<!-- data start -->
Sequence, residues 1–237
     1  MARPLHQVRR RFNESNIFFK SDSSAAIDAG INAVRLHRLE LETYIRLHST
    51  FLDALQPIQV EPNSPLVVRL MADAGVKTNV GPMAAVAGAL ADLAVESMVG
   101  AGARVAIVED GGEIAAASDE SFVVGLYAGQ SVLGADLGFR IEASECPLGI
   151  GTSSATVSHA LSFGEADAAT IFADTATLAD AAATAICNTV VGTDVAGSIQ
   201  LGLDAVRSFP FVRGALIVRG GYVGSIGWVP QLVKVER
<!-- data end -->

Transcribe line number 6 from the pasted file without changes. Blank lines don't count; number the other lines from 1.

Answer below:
   201  LGLDAVRSFP FVRGALIVRG GYVGSIGWVP QLVKVER